As the Q6 discussion has indicated, a regular physician may submit a claim under the locum tenens arrangement using his/her own NPI and, if assignment is taken, receive payment for covered visit services assuming the specified conditions are met.

However, the substitute physician may not provide the visit/services to Medicare patients over a continuous period of longer than 60 days.

Because many locum tenens assignments in the hospitalist environment last longer than 60 days, continuing to bill locums using the Q6 modifier could result in a highly questionable billing practice.

3.       Billing for Non-Physician Providers

“A high-earner may be billing for several mid-levels” is a common refrain offered to explain high billings. There is an equally common misperception that a hospitalist can routinely bill for a non-physician practitioner (NPP) being “supervised” under the physician NPI so as to get reimbursed at 100% of the physician’s rate rather than the 85% rate if billed under the NPP’s provider number.

According to Texas Medical Association, services and supplies that would normally be covered “incident to” in an office setting, such as NPPs that the physician hires and supervises, are not billable by the physician in hospital settings.

If the physician uses the services of his/her own employees in a hospital setting and the physician merely “supervises” his/her services, the physician is not eligible for a payment from Medicare because supervision alone does not constitute a reimbursable practitioner service.

WPS, a Medicare contractor, confirms the position that “incident to” guidelines do not apply to services in an inpatient setting. Rather than “incident to” billing, the encounter must be billed as a shared/split visit.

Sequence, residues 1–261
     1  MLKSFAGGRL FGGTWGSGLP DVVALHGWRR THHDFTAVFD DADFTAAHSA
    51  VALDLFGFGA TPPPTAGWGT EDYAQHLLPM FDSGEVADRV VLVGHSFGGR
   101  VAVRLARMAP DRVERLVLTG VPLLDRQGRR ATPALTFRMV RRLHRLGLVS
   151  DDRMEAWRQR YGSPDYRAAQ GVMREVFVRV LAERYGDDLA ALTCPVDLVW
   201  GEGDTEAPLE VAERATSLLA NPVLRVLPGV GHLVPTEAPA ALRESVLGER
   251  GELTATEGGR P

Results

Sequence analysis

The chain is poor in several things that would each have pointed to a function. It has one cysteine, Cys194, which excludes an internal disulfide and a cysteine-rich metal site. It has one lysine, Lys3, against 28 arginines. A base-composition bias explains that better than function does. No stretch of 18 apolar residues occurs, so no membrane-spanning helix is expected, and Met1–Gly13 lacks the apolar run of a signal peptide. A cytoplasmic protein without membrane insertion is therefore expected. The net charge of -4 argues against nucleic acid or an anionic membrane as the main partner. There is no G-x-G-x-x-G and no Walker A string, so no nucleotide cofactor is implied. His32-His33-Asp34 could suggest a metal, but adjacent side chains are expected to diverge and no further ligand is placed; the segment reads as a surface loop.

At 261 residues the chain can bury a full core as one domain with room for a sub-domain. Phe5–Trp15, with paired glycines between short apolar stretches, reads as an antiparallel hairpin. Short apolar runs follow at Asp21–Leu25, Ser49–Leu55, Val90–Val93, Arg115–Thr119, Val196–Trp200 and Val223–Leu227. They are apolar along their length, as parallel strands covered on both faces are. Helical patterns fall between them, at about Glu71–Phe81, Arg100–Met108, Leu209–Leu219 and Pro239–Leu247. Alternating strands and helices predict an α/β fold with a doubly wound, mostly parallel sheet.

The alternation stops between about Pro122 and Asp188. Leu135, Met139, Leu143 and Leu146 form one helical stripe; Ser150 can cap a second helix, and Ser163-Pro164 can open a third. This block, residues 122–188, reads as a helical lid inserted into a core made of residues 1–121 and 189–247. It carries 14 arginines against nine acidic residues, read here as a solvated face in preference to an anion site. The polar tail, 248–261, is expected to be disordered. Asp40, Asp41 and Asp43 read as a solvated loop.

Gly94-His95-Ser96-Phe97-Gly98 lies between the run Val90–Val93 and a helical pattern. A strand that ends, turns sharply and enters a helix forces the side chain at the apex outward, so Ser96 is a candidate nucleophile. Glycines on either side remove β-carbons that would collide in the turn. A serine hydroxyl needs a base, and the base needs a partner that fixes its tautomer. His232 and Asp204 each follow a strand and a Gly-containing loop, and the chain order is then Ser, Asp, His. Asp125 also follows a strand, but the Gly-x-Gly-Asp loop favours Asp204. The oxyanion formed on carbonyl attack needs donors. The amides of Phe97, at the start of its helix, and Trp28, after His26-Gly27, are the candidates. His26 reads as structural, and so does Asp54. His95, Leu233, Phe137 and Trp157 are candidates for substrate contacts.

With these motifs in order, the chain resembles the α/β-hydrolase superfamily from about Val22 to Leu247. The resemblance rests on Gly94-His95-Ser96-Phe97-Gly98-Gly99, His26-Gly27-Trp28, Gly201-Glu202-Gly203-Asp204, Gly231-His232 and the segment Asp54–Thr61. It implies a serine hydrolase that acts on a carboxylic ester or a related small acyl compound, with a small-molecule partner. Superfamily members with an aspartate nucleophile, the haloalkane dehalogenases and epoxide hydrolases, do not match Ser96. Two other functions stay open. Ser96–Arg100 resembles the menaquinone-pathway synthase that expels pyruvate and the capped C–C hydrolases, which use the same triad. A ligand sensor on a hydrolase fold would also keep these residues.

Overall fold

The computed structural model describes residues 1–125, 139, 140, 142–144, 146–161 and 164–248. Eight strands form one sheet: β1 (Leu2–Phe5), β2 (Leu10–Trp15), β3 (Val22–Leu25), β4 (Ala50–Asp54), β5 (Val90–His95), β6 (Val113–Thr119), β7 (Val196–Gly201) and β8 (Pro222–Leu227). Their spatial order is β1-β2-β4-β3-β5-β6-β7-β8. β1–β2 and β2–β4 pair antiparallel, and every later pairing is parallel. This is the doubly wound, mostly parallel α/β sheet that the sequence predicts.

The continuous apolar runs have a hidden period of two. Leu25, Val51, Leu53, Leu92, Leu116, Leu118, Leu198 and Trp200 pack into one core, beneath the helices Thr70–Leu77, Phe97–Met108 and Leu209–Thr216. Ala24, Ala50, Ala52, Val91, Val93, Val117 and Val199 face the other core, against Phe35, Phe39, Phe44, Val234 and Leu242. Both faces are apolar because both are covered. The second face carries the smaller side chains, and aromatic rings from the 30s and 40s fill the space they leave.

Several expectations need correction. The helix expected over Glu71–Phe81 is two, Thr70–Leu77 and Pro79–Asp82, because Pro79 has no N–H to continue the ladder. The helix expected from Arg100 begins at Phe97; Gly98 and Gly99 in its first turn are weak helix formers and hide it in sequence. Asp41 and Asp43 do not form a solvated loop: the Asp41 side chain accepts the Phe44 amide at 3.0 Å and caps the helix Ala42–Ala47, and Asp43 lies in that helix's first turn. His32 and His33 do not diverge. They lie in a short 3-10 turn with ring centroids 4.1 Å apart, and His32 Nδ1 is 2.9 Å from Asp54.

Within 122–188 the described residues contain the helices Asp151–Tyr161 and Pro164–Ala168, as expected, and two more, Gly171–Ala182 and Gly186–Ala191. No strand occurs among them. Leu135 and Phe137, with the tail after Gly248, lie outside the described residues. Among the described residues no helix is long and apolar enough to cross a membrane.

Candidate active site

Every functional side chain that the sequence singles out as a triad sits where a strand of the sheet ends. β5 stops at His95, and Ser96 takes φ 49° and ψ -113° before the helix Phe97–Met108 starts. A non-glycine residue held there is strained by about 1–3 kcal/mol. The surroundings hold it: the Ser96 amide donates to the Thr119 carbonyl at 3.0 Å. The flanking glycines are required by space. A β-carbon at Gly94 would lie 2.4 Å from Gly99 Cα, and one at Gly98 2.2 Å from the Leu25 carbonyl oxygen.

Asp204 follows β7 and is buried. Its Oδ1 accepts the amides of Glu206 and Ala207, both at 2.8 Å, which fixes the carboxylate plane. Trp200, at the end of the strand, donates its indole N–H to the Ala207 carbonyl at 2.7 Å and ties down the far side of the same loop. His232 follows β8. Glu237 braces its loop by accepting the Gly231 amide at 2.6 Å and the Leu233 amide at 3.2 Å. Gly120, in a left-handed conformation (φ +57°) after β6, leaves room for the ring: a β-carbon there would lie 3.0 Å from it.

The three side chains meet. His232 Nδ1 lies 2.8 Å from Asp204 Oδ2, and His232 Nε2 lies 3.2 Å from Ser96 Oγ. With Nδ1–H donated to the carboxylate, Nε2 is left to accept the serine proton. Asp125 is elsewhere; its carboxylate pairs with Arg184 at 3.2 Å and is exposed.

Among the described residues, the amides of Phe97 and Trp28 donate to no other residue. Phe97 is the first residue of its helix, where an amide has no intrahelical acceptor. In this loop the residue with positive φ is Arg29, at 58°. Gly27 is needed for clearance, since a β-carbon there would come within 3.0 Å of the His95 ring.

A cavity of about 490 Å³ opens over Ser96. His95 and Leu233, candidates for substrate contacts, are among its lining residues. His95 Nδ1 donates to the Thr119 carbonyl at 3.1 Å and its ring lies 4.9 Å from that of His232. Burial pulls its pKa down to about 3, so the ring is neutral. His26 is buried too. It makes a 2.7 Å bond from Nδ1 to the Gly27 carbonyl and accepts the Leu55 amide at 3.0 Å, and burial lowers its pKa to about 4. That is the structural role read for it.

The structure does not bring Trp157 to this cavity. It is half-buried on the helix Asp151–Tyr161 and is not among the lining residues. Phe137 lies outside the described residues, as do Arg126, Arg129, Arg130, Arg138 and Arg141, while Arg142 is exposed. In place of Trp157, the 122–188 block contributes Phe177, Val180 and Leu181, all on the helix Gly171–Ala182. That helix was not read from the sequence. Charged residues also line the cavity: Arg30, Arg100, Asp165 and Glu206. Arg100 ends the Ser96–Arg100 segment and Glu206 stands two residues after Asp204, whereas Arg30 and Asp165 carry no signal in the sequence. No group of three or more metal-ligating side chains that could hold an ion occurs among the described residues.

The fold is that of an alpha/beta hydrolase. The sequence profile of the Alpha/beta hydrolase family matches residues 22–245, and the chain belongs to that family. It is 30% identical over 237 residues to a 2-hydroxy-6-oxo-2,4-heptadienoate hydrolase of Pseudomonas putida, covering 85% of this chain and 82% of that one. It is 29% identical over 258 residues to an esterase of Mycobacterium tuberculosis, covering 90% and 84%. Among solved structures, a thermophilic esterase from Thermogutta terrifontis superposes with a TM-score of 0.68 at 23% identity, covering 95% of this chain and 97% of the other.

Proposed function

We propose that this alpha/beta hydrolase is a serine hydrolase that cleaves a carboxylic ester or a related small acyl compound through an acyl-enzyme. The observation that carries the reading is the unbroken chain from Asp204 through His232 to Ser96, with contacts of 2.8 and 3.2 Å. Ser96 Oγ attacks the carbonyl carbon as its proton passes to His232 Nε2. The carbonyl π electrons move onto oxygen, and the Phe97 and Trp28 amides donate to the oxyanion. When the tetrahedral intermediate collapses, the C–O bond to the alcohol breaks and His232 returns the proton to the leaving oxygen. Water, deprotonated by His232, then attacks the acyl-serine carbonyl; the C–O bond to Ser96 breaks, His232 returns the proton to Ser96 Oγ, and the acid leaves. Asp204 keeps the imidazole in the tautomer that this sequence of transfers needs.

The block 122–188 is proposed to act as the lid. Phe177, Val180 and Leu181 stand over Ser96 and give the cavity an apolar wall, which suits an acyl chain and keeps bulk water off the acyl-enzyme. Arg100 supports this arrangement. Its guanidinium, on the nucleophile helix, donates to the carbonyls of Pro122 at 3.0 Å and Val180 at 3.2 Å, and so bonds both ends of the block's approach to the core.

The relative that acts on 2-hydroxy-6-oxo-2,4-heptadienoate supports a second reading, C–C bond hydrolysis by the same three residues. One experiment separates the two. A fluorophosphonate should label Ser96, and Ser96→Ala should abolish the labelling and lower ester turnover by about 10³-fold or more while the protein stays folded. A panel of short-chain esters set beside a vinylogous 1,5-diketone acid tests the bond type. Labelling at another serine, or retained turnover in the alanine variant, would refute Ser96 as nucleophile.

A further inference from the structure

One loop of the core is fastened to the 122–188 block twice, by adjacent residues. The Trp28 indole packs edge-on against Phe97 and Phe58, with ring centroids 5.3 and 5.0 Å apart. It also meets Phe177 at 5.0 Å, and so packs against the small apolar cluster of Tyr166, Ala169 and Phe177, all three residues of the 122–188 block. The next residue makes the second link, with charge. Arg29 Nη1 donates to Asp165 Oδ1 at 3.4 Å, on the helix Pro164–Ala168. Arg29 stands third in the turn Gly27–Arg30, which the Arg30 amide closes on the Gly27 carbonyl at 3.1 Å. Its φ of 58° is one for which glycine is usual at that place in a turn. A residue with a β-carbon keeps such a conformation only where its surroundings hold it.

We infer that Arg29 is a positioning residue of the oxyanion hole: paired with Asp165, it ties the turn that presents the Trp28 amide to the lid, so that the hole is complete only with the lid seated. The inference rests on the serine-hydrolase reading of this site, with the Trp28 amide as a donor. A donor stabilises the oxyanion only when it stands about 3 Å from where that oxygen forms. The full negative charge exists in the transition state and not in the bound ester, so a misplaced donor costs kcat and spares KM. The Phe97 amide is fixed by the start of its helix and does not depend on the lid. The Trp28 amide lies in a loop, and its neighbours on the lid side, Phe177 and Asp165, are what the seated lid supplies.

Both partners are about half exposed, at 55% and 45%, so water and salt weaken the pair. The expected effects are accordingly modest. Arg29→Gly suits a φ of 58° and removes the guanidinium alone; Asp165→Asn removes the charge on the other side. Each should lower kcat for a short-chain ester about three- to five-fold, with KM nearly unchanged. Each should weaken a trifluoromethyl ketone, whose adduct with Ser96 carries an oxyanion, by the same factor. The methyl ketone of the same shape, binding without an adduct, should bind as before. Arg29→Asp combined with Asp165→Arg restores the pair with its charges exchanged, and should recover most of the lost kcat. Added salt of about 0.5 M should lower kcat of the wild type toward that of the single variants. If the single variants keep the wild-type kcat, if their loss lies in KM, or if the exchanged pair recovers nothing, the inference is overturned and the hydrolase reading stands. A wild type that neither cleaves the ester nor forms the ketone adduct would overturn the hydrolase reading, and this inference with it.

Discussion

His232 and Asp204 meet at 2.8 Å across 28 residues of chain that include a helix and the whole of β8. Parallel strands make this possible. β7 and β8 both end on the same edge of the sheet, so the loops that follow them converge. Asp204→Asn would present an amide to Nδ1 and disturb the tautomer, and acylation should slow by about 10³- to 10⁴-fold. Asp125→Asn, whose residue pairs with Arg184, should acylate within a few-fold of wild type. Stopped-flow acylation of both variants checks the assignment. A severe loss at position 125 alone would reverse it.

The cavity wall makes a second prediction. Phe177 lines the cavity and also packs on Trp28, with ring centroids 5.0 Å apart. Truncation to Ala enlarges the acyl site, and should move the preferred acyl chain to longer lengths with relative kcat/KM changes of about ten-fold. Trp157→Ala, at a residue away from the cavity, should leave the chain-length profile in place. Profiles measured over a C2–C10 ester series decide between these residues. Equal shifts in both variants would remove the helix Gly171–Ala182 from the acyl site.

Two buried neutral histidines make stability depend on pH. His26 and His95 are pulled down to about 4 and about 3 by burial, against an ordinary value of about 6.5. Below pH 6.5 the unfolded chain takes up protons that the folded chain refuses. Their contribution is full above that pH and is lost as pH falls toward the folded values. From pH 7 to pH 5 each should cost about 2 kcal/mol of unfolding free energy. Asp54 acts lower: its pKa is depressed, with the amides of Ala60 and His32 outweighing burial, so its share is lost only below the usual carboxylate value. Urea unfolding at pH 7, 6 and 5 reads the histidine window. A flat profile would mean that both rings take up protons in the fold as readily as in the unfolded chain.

Finally, Medicare Claims Processing Manual (Chapter 12, Section 30.6.1.B) documents specific requirements for shared/split visits with a nonphysician practitioner (NPP):

When a hospital inpatient/hospital outpatient or emergency department E/M is shared between a physician and an NPP  from the same group practice and the physician provides any face-to-face portion of the E/M encounter with the patient, the service may be billed under either the physician’s or the NPP’s UPIN/PIN number. However, if there was no face-to-face encounter between the patient and the physician (e.g., even if the physician participated in the service by only reviewing the patient’s medical record) then the service may only be billed under the NPP’s UPIN/PIN.

In other words, to bill for NPPs under the hospitalist’s NPI as a shared/split visit, there must be: 1) documentation of the face-to-face portion of the E/M encounter between the patient and the physician and 2) the medical record should also clearly identify the part(s) of the E/M service which were personally provided by the physician and which were provided by the NPP.

In the absence of such documentation, the service may only be billed under the NPP’s provider number.

This applies to the initial history and physical examination, the discharge summary, and subsequent hospital visits. A notation of “seen and agreed” or “agree with above” does not qualify the situation as a shared/split visit.

If the face-to-face encounter and documentation requirements for a shared/split visit are not met, simultaneously billing for “several mid-levels” under the same physician’s NPI would become a highly questionable billing practice.

4.       Billing in Teaching Setting

Medicare Benefit Policy Manual’s Chapter 15 explains Part B services in a teaching setting:

Part B covers services that attending physicians (other than interns and residents) render in the teaching setting to individual patients. These include such services as reviewing the patient’s history and physical exams, personally examining the patient within a reasonable time after admission, confirming or revising diagnoses, determining the course of treatment to be followed, assuring that any supervision needed by interns or residents is furnished, and making frequent review of the patient’s progress.

Medicare Claims Processing Manual (Chapter 12, Section 100.1.1) documents specific requirements for services billed by teaching physicians as follows:

For purposes of payment, E/M services billed by teaching physicians require that they personally document at least the following:

  • That they performed the service or were physically present during the key or critical portions of the service when performed by the resident; and
  • The participation of the teaching physician in the management of the patient.

Documentation by the resident of the presence and participation of the teaching physician is not sufficient to establish the presence and participation of the teaching physician.